Here's the recipe from Baked: Explorations:
1/2 cup (1 stick) Unsalted butter, cut into 1/2 inch cubes
1 1/4 teaspoon unflavored gelatin
Zest and juice of 2 medium lemons (2 Tablespoons of zest and 1/4 cup juice)
Zest of 3 large oranges (3 Tablespoons zest and 1 cup juice)
1 cup Orange Cream Soda
3 Large Eggs
2 Large Egg Yolks
3/4 Cup Sugar
1/2 cup (1 stick)Unsalted Butter
1/4 cup Sugar
Zest of 1 orange (2 Tablespoons)
1/4 teaspoon Salt
1 Large Egg
1 1/2 Cups All Purpose Flour
1 Cup Heavy Cream
2 Tablespoons Sugar
2 Tablespoons Orange Cream Soda
Make the Orange Cream Filling:
Place the butter in a large bowl. Set aside.
In a wide bowl, sprinkle the gelatin evenly over the lemon juice.
In a medium saucepan, stir together the orange juice and soda. Bring the liquid to a boil and cook until it is reduced by half. Turn the heat to low and whisk to release excess heat.
In a medium bowl, whisk together the lemon and orange zest, eggs, egg yolks, and sugar and pour the mixture into the saucepan. Cook over medium low heat, whisking constantly, until a candy thermometer reads 180 degrees F, or the curd easily coats the back of a wooden spoon.
Remove the pan from the heat and add the gelatin mixture. Whisk until the gelatin is completely combined. Pour the liquid through a fine-mesh sieve directly onto the butter. Whisk the mixture furiously until it has increased a bit in volume (the faster you whisk, the more voluminous it will be). Cover the top of the curd with plastic wrap, pressing the plastic directly onto the curd’s surface to prevent a skin from forming, and refrigerate for at least 4 hours.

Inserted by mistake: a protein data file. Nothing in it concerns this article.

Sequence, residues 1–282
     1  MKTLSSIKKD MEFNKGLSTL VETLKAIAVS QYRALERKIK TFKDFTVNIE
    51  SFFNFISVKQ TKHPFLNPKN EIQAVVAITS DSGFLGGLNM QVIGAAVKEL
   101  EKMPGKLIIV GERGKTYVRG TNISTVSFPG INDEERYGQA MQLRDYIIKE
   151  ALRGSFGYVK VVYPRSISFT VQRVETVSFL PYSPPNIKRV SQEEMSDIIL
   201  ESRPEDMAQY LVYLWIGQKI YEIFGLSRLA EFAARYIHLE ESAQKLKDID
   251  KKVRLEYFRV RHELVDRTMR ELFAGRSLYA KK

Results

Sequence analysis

Make the Orange Tart Dough:
In the bowl of a stand mixer fitted with the paddle attachment, beat the butter, sugar, zest and salt until light and fluffy. Add the egg, and beat just until incorporated. Scrape down the bowl, add the flour all at once, and beat just until the dough comes together in a ball.
Remove the dough from the bowl, shape it into a disk with your hands, wrap it tightly in plastic wrap, and refrigerate it for at least 30 minutes.
Dust a work surface with a sprinkling of flour. Use a rolling pin to roll the dough into a 10 inch circle about 1/4 inch thick.
Gently guide the dough, without pulling it, into a 9 inch tart pan with a removable bottom and lightly press it into place. Roll the rolling pin over the pan to trim off excess. Place the tart in the freezer for 30 minutes.
Preheat the oven to 375 degrees F.
Line the tart shell with aluminum foil and fill it three-quarters full with pie weights or dried beans. Bake 15 minutes, then remove the foil and weights and bake for another 10 minutes, or until lightly browned. Transfer the tart pan to a wire rack to cool.
Assemble the Tart:
In the bowl of a standing mixer fitted with the whisk attachment, beat the curd on high for 5 minutes, then spoon it into the tart and level the filling with an offset spatula. Refrigerate the tart for 1 hour to set completely.
Make the Orange Whipped Topping:
Pour the cream into a chilled metal bowl and beat it with a chilled whisk for about 1 minute. Sprinkle the sugar and orange cream soda on top and continue whisking vigorously until soft peaks form. (the whipped cream can be made in the bowl of a stand mixer fitted with the whisk attachment). Also, if you prefer, you can substitute simple whipped cream for the flavored topping).
To serve, gently push up on the tart bottom to release it from the pan. Top the tart with orange whipped cream.
The tart tastes best if eaten within 24 hours but can be kept, covered, in the refrigerator for up to 2 days.
Sunday, February 26, 2012